General information

  • Genus: Hydrochoerus
  • Species: Hydrochaeris
  • Also known as: Water Pig
  • Average length: 1 – 1.3 m (3.5 – 4.4 ft.)
  • Adult weight: 35 – 66 kg (77 – 145 lb.)
  • Diet: Grass, aquatic plants and sometimes bark and fruit.
  • Natural predators: Caimans, anacondas, jaguars
  • Life span in the wild: 6 years (up to 10)
  • Litter size: 2 – 8 (average 3.5)
  • Natural habitat: Always near water – marshes, rivers, streams and estuaries.
  • Geographical range: Common in unpopulated areas across the Amazon (from Colombia and Venezuela to northern Argentina)

Interesting Capybara facts

  • The Capybara is the largest rodent in the world and can weigh as much as an average man.
  • They are semi-aquatic animals and are strong swimmers – they can stay underwater for 5 minutes and use the water as an “escape route” from predators. It is also where they mate.
  • The name “Capybara” comes from the native Brazilian language, Tupi, and means “one who eats slender leaves”.
  • They are coprophagous animals, meaning they eat their own faeces. They do this to gain the maximum nutrition from their food and help digest the cellulose in the grass they eat. They may also regurgitate and re-chew their food.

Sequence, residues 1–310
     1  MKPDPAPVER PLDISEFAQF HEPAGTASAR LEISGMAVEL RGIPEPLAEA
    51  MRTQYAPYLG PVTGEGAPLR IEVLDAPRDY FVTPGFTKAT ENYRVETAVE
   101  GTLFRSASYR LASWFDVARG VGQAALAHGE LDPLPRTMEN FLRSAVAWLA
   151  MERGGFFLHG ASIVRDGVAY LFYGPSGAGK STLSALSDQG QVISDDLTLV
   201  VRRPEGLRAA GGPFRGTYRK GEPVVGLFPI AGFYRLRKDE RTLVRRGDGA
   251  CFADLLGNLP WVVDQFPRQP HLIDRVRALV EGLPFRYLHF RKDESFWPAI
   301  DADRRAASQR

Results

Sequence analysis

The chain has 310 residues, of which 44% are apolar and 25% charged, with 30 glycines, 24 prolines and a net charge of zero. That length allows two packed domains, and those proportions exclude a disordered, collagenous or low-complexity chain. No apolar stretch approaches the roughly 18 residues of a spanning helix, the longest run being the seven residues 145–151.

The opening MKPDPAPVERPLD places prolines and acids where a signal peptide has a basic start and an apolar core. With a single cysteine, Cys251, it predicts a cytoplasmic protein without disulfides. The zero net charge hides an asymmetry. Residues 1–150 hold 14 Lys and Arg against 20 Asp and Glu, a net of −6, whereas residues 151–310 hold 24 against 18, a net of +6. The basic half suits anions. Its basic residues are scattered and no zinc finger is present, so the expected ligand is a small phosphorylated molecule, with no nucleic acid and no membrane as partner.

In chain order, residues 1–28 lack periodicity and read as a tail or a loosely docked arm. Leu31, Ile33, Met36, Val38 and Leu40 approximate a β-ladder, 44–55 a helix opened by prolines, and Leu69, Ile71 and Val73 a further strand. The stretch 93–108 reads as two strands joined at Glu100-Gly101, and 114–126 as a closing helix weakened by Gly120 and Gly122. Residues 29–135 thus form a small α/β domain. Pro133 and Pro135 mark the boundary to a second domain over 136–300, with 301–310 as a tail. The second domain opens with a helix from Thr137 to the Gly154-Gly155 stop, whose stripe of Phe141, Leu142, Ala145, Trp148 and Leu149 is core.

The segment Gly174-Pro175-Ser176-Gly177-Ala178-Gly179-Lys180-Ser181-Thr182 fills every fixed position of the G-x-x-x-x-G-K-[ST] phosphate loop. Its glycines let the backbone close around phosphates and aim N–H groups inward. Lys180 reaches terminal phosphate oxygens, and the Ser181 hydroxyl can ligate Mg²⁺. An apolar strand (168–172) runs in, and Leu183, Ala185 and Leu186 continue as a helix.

• They are highly social mammals and live in groups of around 10, sometimes up to 30 – possibly to create safety in numbers as they are hunted by various large predators.
  • They are rather vocal animals and use a large variety of sounds to communicate, including barks to signal danger.
  • Capybara males are known to be rather promiscuous, i.e. they have various mates in their lifetime, and there is a strict hierarchy system enforced by fighting and chasing.
  • Males are distinguishable from females by a scent gland on top of their snouts which secretes a white sticky liquid understood to be used to mark their dominance over others.
  • The Capybara is severely threatened because it is hunted a lot for its skin used to produce valuable leather and for its meat.

IUCN conservation assessment

  • Estimated world population: Unknown
  • Conservation status: Least Concern
  • Population trend: Unknown


Capybara family

Capybara family in Tambopata

Capybara by the banks of the Tambopata River

Capybara by the banks of the Tambopata River